Human Flower Project


Orrington, MAINE USA

flag flower bed
Murrieta, CALIFORNIA USA

parker basket thumb
Princeton, MAINE USA

Friday, October 24, 2008

Black Rose: Anarchy & Waylon


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When did anarchists pluck the black rose to symbolize their movement?


Taking a break from the stifling two-party system today, we’re polling anarchist readers. Can you tell us, please, when and why you took a shine to the black rose?

Several weeks ago we came upon a compelling logo from the Bay Area Anarchist Bookfair. (The latest event—13th annual—took place this past March at the San Francisco County Fair Building.) Here three black roses have been clasped inside a book emblazoned with the Anarchist A. The stems are working as agitator-bookmarks and protrude, thorns and all, from the pages.  There’s a whole lot happening between the covers of this volume, so much that a chain binding it closed now bursts apart.

 



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Posted by Julie on 10/24 at 01:38 PM
Art & MediaCulture & SocietyPoliticsPermalink

Wednesday, October 22, 2008

Flowers to Balance the Books


Indian merchants turn over a new leaf at Diwali and the fiscal year begins, with fresh ledgers and rangoli in the lobby.


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A rangoli greets staff and customers at a Bangalore accounting firm, honoring the goddess of prosperity

Photo: Courtesy of Lubna Kably

Accountants in India have more fun. Or maybe it’s more faith they have. Have you ever walked into the lobby of a U.S. firm and seen the likes of this?

It’s a “rangoli” – a grand floral design – prepared by members of one of the Big 4 accounting companies in India for the Bangalore office. Our friend Lubna Kably, who kindly sent the photo, says the decoration is “to welcome the Goddess Lakshmi, goddess of wealth and of course all loved ones” on the occasion of Diwali, India’s huge fall holiday.

 



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Posted by Julie on 10/22 at 08:33 PM
Culture & SocietyReligious RitualsSecular CustomsPermalink

Monday, October 20, 2008

HFP Guide for Science Teachers


Have at Johnny Depp and recipes for hibiscus tea, meanwhile learn about science on Human Flower Project, too. Two LSU scholars uncover the teaching potential of HFP and we post their discovery for teachers to use.


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Introducing HFP’s Guide for Teachers, inspiration for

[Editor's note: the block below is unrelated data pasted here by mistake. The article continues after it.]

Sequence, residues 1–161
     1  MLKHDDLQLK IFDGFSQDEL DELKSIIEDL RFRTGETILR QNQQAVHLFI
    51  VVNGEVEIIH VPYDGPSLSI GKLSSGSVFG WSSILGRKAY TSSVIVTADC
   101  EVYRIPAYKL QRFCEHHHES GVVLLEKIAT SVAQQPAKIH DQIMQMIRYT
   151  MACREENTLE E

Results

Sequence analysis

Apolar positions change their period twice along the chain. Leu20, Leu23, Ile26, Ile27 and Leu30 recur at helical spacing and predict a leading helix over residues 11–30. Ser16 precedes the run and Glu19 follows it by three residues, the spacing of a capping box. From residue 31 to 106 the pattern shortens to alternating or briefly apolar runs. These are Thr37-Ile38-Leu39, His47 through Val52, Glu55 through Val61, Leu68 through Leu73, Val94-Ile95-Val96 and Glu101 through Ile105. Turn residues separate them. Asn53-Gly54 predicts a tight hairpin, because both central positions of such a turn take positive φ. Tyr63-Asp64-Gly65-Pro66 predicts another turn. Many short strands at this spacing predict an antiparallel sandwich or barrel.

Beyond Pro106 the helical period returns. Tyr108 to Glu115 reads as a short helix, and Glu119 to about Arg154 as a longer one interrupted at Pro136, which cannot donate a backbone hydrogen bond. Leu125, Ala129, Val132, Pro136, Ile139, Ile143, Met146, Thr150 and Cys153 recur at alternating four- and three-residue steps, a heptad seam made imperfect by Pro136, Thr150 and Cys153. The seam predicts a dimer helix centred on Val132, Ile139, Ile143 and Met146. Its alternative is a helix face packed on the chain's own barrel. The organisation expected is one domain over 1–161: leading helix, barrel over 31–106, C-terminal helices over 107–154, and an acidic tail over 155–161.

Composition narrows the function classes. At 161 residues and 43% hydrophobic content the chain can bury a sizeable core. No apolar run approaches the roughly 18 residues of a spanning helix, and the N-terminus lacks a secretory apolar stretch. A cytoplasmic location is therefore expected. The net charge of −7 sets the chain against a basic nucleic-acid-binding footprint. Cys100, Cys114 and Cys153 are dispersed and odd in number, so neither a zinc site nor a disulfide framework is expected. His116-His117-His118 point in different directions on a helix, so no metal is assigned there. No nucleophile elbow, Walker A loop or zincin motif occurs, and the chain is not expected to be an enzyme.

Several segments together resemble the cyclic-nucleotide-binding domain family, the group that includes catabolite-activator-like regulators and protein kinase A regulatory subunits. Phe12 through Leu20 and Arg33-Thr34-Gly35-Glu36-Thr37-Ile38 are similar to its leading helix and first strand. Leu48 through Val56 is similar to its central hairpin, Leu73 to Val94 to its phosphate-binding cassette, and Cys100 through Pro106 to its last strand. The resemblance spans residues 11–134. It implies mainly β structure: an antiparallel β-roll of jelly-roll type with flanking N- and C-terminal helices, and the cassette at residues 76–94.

your science class

Image: Human Flower Project

Does it make money? No. Is it finding a cure for shingles ? Doubtful. Then why bother with the Human Flower Project, now in its fifth year?

Actually, we’ve never cooked up much of a raison d’etre, so how delightful to have one supplied! Kate March and Jim Wandersee, a biologist and a botanist at Louisiana State University, inform us that the Human Flower Project is a teaching tool.

Kate, a Ph.D. candidate in biology education at LSU, is part of the 15 Degree Laboratory, Dr. Wandersee’s research hub for life science literacy and plant science education.



This past spring, Jim asked Kate to explore the archives of the Human Flower Project, from our inception in September 2004 through April 2008. She pulled out roughly 200 posts that can be used to teach science. (And you thought this was just a Johnny Depp fanzine!)


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Posted by Julie on 10/20 at 11:06 AM
Art & MediaCulture & SocietySciencePermalink

Wednesday, October 15, 2008

The Manchurian Candidate: Programmed with Hydrangeas


Have you been brainwashed by political rhetoric? Or is it the candidates whose minds have been “dry cleaned”?


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Capt. Bennett Marco (Frank Sinatra) listens to a lecture on hydrangeas delivered in a Soviet prison by “Mrs. Henry Whitaker” (Helen Kleeb)

The Manchurian Candidate, 1962

“It might appear that the hydrangea is a fairly simple plant, but there are more complications….”

So Mrs. Henry Whitaker drones, gesticulating with white gloved hands as Frank Sinatra, in a soldier’s fatigues, slumps in a chair. His upper lip is sweating.

With the final 2008 U.S. presidential debate coming up tonight, we remember Raymond Shaw, The Manchurian Candidate, also in attendance as the garden club ladies sipped tea and clicked their cigarette holders in John Frankenheimer’s marvelous movie.


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Posted by Julie on 10/15 at 05:48 PM
Art & MediaPoliticsPermalink
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